Quiet negotiations are underway between Washington and Mexico City on the joint development of deposits extending across the bilateral water border. But Mexican authorities privately express worries over being able to secure national interests in such projects if PEMEX cannot compete on the technical side.

Its jewel remains the giant offshore Cantarell Field, discovered by a fisherman in 1976 and, for decades, one of the largest oilfields in the world.

Unfortunately, production levels there have only recently shown indications of leveling off – after a disastrous decline of more than 60% in a few short years. Every conceivable problem cropped up, including a periphery well blowout years ago that flowed for more than a year and remains the worst spill on record (surpassing even the recent BP spill in the Gulf).

Some forward-looking PEMEX executives, along with a tough-minded minister, have now begun to change the environment. Over the past three years, they have revised laws, introduced accountability procedures, and compelled a huge company – where directors and unit heads did not even know each other – to look inward.

The object was to evaluate procedures and practices with a goal of developing sustainable production. They realize a need for outside investment, but the political impediments remain strong.

Recent revisions in contract law will allow some movement, especially in the area of tying provisions of international expertise and technology to production levels. For the first time in 70 years, outside companies have an incentive based on how much crude actually comes out of the ground.

However, PEMEX needs to address its own organizational problems first. Before they bring in foreign companies, therefore, they have decided to retain foreign advisors.

Like me.

And here is what I did not expect.

Mexico Could Become A Global Role Model

The last two days have been eye-opening.

I had anticipated hearing the same well-worn PEMEX line: “We are the state's company; they cannot allow us to fail.”

What I found is something else altogether.

Thousands of middle level and division managers have been given the green light. Their task is clear enough – to develop strategic plans to transform the company. That transformation will come from changing the way people's skills are used, combined with realistic approaches to projects and markets.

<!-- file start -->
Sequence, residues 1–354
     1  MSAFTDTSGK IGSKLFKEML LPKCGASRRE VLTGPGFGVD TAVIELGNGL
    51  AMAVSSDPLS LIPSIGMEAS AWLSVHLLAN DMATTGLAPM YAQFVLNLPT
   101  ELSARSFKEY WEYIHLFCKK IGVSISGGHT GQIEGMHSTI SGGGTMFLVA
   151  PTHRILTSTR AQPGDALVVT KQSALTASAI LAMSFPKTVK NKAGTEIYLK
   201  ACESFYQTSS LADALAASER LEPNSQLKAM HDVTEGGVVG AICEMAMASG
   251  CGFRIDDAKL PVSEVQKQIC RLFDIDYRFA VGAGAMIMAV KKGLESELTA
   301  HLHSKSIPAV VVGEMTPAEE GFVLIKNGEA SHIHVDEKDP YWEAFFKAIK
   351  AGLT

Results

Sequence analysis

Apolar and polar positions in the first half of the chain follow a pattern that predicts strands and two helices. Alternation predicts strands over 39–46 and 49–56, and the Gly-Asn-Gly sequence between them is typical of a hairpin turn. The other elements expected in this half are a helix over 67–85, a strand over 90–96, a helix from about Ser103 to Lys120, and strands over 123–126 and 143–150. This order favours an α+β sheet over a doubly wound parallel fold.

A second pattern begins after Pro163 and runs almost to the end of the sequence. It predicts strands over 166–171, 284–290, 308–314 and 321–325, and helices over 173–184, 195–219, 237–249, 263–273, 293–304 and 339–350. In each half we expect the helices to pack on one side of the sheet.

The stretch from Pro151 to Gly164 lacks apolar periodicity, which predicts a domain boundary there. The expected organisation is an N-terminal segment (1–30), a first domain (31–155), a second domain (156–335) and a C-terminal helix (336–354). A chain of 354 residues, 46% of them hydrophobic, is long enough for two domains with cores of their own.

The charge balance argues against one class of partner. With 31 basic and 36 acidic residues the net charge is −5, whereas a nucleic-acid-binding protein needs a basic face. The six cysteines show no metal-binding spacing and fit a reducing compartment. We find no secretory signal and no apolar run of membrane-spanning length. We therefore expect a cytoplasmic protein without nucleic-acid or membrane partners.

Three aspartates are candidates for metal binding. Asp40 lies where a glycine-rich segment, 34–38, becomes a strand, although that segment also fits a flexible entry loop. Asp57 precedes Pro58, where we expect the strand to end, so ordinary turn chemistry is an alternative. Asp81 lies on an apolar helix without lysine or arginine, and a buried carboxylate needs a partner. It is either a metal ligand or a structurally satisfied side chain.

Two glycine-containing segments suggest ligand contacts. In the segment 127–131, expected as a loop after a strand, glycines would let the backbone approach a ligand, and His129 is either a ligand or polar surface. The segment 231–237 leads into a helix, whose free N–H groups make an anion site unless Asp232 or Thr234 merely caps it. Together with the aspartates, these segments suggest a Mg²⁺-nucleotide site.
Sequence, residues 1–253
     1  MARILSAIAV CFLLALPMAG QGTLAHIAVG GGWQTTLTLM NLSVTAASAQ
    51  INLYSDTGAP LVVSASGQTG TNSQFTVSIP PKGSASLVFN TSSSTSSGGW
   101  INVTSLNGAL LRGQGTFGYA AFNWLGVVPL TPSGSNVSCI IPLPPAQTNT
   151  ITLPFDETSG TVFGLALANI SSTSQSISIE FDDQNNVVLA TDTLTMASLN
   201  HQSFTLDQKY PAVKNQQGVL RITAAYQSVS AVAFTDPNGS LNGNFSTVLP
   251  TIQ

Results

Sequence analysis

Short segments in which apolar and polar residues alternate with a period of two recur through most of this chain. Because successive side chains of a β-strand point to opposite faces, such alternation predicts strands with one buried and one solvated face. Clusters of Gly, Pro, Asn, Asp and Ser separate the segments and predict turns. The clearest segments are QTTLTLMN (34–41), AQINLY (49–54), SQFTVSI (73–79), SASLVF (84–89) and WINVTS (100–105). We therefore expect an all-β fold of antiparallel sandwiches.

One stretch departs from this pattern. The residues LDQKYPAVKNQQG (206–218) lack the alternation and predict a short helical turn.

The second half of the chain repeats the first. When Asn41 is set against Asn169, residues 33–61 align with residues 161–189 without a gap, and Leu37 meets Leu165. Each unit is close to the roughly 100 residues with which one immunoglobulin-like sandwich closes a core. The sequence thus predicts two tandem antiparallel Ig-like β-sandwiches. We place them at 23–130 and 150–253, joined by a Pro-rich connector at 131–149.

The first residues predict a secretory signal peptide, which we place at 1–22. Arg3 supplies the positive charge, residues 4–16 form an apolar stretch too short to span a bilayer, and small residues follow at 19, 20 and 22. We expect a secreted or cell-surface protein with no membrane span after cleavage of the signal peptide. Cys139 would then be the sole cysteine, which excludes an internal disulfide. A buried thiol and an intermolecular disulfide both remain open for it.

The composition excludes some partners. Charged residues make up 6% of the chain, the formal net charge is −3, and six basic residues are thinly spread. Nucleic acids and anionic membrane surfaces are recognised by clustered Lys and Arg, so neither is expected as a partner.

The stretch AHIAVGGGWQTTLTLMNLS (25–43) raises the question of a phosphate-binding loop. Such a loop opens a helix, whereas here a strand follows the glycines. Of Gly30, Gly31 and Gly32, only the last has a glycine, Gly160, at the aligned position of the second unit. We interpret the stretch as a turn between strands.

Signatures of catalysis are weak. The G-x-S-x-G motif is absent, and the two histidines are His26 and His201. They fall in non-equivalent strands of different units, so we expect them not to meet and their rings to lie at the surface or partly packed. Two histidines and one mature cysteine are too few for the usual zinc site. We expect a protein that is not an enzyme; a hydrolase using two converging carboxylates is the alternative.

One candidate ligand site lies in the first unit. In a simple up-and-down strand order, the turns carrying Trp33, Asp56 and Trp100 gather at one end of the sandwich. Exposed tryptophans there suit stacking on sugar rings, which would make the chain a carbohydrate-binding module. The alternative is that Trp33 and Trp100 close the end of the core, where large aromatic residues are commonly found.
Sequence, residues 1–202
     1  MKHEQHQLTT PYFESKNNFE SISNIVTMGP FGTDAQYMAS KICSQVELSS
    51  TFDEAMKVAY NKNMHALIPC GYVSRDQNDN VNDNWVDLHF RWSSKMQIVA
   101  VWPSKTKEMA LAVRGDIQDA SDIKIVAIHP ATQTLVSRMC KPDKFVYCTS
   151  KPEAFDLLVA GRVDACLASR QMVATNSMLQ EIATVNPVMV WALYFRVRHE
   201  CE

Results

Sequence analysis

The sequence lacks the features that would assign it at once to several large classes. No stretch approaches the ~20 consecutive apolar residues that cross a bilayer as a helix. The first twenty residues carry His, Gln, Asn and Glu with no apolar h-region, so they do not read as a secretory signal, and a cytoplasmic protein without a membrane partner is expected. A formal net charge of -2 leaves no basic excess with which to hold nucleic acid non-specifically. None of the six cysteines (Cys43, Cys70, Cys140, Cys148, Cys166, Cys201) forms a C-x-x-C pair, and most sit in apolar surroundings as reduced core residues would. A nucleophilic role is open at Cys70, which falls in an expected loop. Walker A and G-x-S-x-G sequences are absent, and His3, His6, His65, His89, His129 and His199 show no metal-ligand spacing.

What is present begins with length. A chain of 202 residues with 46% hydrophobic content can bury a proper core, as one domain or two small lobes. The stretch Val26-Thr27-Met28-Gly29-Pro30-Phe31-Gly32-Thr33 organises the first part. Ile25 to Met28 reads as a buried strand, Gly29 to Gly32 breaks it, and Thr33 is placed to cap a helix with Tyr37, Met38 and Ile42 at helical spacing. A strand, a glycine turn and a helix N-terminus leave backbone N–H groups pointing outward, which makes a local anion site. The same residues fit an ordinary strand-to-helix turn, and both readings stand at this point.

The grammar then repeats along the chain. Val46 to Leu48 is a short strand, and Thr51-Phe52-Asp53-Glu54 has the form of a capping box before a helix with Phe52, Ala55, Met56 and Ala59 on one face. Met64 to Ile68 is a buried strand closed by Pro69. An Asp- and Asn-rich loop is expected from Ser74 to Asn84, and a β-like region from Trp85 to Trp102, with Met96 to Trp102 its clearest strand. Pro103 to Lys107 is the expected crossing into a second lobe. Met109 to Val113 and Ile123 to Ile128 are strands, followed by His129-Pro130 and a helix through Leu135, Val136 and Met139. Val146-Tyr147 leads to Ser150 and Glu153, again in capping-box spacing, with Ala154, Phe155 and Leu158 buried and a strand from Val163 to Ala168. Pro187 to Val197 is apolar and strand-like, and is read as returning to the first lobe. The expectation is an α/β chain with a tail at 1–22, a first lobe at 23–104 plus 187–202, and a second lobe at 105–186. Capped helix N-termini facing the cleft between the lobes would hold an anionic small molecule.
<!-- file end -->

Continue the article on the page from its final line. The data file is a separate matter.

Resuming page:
This time, most of the highest executives are on board and providing support. Government ministers in favor of change are working to marginalize those who are not.

This is a difficult and massive objective. But if PEMEX can begin to pull it off over the next several years, we may actually have a model for other national oil companies (NOCs) wrestling with the same situation.

Traditional ways of doing things are not working in a rapidly changing oil market. The PEMEX example could stand for the way NOCs should operate worldwide, lending a whole new meaning to the label “Made in Mexico.”

Next up, I'm off to Morocco for meetings of a different kind – policy creation for shale gas and shale oil, in a place where there's enough of it to change the energy picture in Europe. (See “Shale Gas Initiative Brings Morocco to My Doorstep,” December 13, 2010.)

The next Oil & Energy Investor will be coming to you from the edge of the Sahara…

Sincerely,

Kent

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  1. R Jones
    July 1st, 2011 at 14:11 | #1

    Kent,

    Can you address the fracking issue one more time. Will the companies that employ this technique find it difficult to lease land where the water table may be affected? The movie ‘gasland’ showed how bad things could get when 600+ chemicals are used to get the oil out of the ground, especially when in close proximity to water resources. The French have revoked the licenses of a company – Toreador Resources in Paris because fracking would have been their preferred method of oil extraction. Their stock plummeted on the news. What companies use this method?
    Best Regards.
    R Jones

  2. July 1st, 2011 at 14:22 | #2

    While oil mining will be a continued source of oil for many years, it doesn’t solve the true short term issues and long term strategy of energy use doubling by 2050 and tripling by 2100. Check my paper
    “Political Rhetoric 2012”

    http://186132.myauthorsite.com/index.php?page_id=280

  3. Calvin J. Smith
    July 1st, 2011 at 16:57 | #3

    A question for the good Doctor about Shale Fracking in France. The government there has recently passed a “no frack” law.